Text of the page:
Balancing Act #185: January 2015



A free monthly newsletter about balancing life, work, and relationships based on the books and popular workshops conducted by Alan Weiss, Ph.D. Past copies are archived on our web site:

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ISSN 1934-3116


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Balancing act is in four sections this month:

1. Techniques for balance

2. Musings

3. The human condition: Spitituality



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Happy New Year!!

  1. Techniques for balance for the New Year

  • Amateurs drive on New Year's Eve. Be careful out there.

  • What charity or cause will you support next year?

  • Who will you help and coach?

  • What development activities will you invest in?

  • How will you improve your relationships?

  • How will you improve your health and physical condition?

  • What unexpected acts of kindness will you engage in?

  • How will you improve your home environment?

  • How will you improve your financial security?

  • How will you increase your discretionary time?

  • What annoyances and stress will you remove and eliminate?

  • How will you be different in December of 2015?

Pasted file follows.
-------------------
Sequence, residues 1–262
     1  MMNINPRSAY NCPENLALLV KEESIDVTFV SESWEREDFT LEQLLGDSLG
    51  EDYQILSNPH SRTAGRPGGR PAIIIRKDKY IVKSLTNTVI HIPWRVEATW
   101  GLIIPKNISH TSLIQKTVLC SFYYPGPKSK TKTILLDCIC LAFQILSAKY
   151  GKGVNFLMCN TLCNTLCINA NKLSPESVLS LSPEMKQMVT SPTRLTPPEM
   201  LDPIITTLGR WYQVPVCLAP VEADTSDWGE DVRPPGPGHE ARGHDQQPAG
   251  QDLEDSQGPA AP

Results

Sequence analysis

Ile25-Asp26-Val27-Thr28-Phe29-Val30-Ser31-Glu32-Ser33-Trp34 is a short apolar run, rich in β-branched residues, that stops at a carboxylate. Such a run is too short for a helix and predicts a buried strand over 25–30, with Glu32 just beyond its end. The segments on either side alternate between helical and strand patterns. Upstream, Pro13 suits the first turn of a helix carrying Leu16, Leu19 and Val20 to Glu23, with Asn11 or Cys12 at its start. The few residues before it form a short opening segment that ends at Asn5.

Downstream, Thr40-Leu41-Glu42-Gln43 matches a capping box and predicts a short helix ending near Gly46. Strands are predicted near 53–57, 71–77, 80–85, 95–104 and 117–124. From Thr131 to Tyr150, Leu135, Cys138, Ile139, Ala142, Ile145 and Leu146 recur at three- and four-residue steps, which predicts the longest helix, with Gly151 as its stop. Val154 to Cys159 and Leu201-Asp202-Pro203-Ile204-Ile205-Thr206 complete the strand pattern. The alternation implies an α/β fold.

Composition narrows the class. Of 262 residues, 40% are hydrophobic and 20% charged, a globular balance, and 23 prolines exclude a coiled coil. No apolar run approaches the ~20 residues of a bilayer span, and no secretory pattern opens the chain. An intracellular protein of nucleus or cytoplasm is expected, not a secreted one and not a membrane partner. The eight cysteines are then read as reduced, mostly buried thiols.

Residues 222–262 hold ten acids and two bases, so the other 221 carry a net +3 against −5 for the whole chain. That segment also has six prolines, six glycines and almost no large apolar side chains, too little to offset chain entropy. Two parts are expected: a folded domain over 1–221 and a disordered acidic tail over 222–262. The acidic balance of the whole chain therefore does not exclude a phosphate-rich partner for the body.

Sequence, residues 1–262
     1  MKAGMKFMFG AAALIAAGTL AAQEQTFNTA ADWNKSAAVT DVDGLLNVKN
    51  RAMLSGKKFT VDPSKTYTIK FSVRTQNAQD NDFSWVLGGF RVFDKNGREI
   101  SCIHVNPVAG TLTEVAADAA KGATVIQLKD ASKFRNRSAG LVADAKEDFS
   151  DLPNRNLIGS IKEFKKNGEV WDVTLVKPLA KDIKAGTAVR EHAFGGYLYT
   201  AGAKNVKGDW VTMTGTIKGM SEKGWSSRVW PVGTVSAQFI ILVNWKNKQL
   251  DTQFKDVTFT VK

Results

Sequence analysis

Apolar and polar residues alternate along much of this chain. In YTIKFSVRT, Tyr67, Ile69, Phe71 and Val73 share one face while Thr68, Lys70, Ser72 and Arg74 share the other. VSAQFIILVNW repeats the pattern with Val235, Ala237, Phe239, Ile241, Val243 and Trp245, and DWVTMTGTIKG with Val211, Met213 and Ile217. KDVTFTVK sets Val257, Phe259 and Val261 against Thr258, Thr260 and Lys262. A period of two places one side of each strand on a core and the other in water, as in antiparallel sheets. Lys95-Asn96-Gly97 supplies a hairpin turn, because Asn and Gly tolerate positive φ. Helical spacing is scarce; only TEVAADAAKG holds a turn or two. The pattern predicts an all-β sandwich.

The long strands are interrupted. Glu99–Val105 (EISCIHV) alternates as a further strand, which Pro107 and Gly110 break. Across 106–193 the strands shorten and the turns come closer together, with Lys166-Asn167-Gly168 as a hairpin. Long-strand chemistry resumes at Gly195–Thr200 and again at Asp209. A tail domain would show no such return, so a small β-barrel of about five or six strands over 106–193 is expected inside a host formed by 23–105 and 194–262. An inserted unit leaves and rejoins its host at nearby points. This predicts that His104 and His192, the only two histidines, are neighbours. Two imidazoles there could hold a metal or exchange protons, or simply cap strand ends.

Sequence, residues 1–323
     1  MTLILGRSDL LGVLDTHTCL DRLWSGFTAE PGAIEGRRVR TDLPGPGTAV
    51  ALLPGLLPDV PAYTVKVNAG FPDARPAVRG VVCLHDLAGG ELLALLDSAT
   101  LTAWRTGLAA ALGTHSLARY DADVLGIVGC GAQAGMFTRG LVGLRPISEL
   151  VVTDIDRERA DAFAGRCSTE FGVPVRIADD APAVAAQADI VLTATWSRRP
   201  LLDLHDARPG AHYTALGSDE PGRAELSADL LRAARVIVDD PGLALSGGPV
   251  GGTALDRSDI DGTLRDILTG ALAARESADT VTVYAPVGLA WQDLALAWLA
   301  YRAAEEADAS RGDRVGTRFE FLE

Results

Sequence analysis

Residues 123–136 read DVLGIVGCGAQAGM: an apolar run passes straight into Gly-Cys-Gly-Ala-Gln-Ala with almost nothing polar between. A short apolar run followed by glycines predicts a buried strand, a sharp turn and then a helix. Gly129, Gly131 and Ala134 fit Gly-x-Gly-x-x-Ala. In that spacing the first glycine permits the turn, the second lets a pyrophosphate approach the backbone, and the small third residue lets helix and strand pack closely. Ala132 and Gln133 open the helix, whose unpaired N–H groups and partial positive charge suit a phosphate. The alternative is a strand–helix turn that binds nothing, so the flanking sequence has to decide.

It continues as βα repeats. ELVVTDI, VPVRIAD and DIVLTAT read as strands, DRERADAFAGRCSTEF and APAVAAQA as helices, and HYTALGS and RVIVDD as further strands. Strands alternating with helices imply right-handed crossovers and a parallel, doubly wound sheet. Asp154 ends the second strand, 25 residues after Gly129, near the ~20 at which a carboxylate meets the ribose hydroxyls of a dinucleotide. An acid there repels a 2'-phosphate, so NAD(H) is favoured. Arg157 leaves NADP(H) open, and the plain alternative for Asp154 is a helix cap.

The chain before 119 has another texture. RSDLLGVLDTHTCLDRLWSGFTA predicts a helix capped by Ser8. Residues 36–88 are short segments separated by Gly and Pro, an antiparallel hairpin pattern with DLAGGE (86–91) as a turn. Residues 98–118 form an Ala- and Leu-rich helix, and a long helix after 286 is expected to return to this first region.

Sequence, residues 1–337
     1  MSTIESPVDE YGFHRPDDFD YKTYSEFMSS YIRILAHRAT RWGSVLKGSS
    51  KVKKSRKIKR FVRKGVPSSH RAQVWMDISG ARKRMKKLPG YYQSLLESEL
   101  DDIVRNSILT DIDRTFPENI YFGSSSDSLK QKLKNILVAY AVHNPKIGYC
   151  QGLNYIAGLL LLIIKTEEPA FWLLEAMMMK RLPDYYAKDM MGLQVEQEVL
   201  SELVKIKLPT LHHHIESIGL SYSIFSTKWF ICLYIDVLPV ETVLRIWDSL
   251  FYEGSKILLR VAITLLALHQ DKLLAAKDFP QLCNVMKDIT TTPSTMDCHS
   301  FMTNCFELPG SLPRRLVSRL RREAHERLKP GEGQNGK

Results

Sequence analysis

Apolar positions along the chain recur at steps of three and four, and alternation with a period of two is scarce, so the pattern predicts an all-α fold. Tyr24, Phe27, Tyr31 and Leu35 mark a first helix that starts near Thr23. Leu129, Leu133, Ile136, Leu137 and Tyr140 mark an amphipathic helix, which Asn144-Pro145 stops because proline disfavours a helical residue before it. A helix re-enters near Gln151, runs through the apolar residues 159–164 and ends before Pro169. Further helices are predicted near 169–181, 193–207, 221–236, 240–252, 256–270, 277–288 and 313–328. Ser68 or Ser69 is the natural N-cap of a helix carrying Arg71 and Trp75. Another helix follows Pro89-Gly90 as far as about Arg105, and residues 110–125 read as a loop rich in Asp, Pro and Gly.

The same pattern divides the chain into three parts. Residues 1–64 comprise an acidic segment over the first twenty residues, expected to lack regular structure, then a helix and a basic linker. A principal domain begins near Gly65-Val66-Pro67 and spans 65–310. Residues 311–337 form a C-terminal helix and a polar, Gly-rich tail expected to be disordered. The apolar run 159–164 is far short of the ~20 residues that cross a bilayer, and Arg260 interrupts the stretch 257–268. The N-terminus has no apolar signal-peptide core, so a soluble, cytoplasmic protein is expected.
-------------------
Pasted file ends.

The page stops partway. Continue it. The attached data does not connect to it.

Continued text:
1. Musings

    We've lived through another year of horror, terror, sorrow, and loss—as well as birth, excitement, success, and celebration. The question for all of us is which mindset drives our days.

    We live in a world of almost infinite beauty and splendor. A great deal of it we haven't even explored decently. The Marianas Trench in the Pacific is barely known and we've discovered life forms there which weren't though viable in any environment. Not all that long ago a new type of deer was discovered in the jungles of southeast Asia. We're not close to cataloging all the species of insects.

    We inhabit a world which, in galactic terms, is a huge hunk of rock traveling at 67,000 miles an hour around an exploding star. We're fairly sure that another huge hunk of rock hit the Yucatan around the Gulf of Mexico 66 million years ago and obliterated the prevailing life forms—dinosaurs—which had been successful for about 150 million years. This kind of impact could happen again.

    There is evil in the world, but throughout history it has been beaten back, albeit sometimes at great cost. We have built great cities, created triumphant art, cured diseases, and lengthened life spans. Despite nihilists and anarchists, monsters and madmen, we have formed great civilizations.